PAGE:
Welded steel, found objects, chromed steel, glass, paint, 114 x 44 x 40 in
On display at the Downtown Riverfront Park, 500 E 4th Avenue
I am a lifelong resident of Oregon, born in 1969 and making full time professional art for over 20 years. I am a practicing Buddhist and lead meditation and recovery meetings. I go to the studio 7 days per week and love my work very much.
I have worked with found objects and welded steel for the past 30 years; my background and training were in drawing and painting. I have a strong work ethic and endless fascination with the visual and conceptual possibilities of art making, and I am lucky to be able to make my living as a sculptor. I work daily at my studio in Eugene, which is called "The Oblivion Factory," a 2000-square-foot warehouse that is fully equipped for welding, casting, dismantling and fabricating metals of all kinds. I enjoy the process of making sculpture: finding objects which are re-purposed, long hours working in the solitude of my studio and especially the way that making art affects how I view the world around me.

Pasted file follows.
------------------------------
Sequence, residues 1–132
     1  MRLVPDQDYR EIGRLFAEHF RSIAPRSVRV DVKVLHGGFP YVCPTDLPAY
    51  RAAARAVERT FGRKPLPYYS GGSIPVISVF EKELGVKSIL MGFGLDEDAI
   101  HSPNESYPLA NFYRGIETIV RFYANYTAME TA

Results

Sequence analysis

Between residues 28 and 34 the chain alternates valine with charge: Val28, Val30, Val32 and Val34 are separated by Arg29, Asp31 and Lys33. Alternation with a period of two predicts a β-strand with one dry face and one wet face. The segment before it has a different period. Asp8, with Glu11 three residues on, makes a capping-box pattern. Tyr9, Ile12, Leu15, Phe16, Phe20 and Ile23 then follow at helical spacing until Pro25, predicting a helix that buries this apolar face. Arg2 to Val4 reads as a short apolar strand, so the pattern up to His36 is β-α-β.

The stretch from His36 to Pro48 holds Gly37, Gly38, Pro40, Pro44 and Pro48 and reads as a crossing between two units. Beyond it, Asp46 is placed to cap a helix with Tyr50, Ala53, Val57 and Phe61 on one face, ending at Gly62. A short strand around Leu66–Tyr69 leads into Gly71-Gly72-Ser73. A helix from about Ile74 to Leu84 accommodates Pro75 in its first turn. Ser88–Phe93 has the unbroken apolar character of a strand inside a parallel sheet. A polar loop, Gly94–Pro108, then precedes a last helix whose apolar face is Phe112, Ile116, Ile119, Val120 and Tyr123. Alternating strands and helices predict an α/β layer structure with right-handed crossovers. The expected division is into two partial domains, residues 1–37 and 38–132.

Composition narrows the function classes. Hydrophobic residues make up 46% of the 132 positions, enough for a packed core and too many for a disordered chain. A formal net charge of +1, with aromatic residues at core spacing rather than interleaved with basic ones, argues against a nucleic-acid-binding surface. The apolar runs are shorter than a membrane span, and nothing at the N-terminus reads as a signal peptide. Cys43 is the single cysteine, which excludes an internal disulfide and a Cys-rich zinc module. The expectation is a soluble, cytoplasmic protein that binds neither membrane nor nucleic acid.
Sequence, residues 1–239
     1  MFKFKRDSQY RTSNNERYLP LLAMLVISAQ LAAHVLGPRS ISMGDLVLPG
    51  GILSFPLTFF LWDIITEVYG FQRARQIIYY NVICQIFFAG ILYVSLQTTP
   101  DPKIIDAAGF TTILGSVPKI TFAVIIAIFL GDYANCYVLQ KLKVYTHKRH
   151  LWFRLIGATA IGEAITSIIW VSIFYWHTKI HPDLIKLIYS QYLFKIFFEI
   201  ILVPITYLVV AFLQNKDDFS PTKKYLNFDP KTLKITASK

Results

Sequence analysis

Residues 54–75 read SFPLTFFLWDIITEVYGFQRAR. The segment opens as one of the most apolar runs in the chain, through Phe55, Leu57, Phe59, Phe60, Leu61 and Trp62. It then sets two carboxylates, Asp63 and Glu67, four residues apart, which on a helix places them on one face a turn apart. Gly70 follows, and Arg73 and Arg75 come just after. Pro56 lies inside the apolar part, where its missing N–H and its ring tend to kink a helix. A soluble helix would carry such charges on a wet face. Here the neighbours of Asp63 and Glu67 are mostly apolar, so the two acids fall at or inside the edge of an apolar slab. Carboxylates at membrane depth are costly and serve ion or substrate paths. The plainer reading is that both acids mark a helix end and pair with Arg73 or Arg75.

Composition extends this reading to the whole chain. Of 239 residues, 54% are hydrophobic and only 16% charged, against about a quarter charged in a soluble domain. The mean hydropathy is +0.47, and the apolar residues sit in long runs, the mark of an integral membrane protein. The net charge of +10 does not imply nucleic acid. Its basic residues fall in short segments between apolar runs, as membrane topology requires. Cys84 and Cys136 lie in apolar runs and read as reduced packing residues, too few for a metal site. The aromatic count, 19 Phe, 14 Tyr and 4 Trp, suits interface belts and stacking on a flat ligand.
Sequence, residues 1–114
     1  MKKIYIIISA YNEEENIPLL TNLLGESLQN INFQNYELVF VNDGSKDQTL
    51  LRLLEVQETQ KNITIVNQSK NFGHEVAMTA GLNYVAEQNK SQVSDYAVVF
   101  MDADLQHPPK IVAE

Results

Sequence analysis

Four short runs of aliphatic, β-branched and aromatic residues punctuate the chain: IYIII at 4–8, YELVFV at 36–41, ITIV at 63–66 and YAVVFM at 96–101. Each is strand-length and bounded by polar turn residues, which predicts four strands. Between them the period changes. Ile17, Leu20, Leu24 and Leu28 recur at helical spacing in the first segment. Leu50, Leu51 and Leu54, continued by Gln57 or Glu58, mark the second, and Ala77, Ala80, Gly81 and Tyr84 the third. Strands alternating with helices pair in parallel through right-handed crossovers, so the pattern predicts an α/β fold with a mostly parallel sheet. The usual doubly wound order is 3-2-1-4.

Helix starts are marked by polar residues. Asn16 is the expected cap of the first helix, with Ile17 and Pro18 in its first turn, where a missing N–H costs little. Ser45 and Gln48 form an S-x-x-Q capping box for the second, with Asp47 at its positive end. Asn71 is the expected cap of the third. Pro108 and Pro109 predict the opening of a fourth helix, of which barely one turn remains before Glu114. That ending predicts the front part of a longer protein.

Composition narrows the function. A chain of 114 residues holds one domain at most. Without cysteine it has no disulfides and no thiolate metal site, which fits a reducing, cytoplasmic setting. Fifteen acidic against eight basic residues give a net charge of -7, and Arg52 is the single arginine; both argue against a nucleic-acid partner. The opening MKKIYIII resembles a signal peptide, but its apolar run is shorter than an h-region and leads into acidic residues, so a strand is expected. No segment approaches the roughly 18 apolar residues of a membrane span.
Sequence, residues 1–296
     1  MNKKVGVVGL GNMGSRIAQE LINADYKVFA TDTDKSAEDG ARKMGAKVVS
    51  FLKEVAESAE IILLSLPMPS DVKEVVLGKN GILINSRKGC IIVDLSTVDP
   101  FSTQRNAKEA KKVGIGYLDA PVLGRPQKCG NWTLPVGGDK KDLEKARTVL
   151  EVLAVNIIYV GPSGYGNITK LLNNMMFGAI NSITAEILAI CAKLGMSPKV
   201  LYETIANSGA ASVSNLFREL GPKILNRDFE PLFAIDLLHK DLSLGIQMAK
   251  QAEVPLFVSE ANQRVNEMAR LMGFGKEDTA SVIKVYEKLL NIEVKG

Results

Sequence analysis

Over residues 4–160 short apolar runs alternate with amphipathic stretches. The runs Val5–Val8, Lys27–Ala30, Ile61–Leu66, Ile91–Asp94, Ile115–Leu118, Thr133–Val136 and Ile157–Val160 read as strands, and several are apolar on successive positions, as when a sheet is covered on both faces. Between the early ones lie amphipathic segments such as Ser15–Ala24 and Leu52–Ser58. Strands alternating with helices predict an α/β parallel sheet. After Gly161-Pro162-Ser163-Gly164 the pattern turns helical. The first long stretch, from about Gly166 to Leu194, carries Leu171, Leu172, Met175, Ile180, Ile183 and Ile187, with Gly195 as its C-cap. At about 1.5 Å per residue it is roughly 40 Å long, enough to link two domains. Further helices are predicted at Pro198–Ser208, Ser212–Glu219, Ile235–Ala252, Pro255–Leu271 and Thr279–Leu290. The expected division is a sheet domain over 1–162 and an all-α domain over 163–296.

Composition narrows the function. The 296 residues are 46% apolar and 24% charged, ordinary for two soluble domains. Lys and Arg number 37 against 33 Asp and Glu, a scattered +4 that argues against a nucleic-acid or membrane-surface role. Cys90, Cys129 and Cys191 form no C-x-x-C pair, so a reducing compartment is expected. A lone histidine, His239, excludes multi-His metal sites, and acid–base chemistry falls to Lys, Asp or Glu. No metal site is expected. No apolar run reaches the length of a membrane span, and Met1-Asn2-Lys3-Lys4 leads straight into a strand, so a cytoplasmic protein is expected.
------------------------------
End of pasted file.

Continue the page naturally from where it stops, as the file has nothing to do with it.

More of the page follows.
I learned early on to reinterpret the man-made industrial environments around me, and subvert them for my own fun and creative expression on my skateboard. Seeing the alternative possibilities in the manufactured world, I make my art out of materials that were not originally intended to be artistic mediums. I take old, cold, beat up steel objects and merge them with many other objects to create something new that can appear soft, warm and life-like – the whole belying the origins of the many recycled ingredients. I draw inspiration from the natural world of animals and plants and spend much of my non-studio time exploring the rich outdoor regions of this area of the country.
My sculptural work is popular with collectors, gallery viewers and the general public, who are able to engage in a process of discovery. They immediately take in the overall subject, and then move in closer to identify and relate to the many individual parts that make it up. Using materials that people can recognize from their everyday experiences makes the sculptures feel more accessible to people and is a dynamic example of the possibilities of recycling and reuse that has become a popular value in our consumerist culture.
For more information visit judturner.com